We know which side the Oakland PD is on. Update to a previous story.
Via Inside Bay Area
Officials with the Oakland Police Department said this week that they were unaware the California Highway Patrol used undercover officers — including one who pulled a gun on protesters after he said he feared for his partner’s safety — during recent demonstrations on Oakland streets.
“We’ve been unable to find anyone that knew that particular detail existed,” Oakland police Sgt. Holly Joshi said.
The undercover officers, called “plainclothes” officers by CHP officials, were monitoring a protest on Dec. 10 when their cover was blown by suspicious protesters. While attempting to arrest a suspect who had allegedly struck an officer, another officer drew his service pistol and pointed it at bystanders who the CHP said were advancing on the pair.
The revelation from Oakland police is contrasted by statements given last week by Avery Browne, chief of the CHP’s Golden Gate Division, who said that Berkeley and Oakland police officials knew CHP was using officers dressed in street clothes marching alongside demonstrators.[…]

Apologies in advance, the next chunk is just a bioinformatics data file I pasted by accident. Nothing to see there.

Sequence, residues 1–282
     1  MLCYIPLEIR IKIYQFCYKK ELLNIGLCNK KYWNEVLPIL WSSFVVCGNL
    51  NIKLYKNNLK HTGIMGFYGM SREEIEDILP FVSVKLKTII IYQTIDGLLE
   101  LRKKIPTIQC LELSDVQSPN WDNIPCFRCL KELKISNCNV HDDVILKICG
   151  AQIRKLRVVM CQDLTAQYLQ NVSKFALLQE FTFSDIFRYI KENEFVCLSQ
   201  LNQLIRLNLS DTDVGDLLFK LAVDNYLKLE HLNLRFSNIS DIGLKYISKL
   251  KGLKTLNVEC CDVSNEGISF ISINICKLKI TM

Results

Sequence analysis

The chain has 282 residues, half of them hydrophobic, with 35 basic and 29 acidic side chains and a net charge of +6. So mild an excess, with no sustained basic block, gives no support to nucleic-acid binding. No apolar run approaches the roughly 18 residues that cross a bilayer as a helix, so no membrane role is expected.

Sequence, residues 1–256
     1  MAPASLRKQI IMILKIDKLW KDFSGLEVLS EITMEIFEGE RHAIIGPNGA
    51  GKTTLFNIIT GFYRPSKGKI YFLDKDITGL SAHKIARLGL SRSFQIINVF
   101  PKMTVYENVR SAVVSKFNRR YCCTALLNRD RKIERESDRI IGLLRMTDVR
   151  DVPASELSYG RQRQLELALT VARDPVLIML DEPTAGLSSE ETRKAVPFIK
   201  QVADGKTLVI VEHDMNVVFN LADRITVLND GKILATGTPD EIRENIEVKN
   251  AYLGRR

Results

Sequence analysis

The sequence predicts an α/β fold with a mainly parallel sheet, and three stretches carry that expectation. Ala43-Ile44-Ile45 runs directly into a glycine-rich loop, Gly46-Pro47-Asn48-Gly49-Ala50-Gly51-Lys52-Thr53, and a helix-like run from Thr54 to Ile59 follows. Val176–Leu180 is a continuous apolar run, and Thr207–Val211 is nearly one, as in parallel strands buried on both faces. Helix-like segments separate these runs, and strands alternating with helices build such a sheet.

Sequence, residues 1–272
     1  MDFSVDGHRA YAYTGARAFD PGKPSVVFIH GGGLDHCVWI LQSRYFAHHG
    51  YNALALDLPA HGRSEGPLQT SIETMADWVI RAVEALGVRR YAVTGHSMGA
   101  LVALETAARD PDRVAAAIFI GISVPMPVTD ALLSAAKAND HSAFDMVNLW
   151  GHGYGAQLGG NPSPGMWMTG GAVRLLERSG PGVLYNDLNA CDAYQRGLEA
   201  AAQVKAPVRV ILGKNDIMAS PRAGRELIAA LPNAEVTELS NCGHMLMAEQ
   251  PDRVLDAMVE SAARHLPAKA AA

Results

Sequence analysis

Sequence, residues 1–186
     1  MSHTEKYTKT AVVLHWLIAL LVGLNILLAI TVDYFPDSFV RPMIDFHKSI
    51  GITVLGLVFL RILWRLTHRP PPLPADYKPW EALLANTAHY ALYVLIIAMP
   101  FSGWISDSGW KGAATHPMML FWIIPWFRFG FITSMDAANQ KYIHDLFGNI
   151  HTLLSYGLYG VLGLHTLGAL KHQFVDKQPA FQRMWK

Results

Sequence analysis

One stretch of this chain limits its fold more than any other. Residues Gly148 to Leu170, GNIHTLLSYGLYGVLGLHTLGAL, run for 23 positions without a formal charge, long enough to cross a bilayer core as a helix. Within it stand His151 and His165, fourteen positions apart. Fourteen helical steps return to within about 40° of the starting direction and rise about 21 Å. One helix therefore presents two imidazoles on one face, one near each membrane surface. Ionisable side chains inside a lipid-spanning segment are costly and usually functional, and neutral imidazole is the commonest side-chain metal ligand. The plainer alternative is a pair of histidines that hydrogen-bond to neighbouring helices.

he CHP has been assisting Berkeley and Oakland with controlling protests under a mutual aid agreement, a system created by the state in 1961 to allow neighboring agencies to assist each other during emergencies or times of civil unrest. Mutual aid agreements are vague, and do not include information on specific details, authorities said.
The two officers in question were following protesters first in an unmarked car, then on foot in downtown Oakland, on Dec. 10, Browne said. As the crowd marched down Harrison Street near Lake Merritt, some became suspicious of the two officers, eventually pulling off their handkerchiefs and hat while asking if they were police officers.
One of the officers drew his service weapon during the melee, saying he feared for his and his partner’s life as he wrestled with one man and a crowd of about 30 circled them, Browne said. One of the officers was kicked in the head and required medical care, officials said.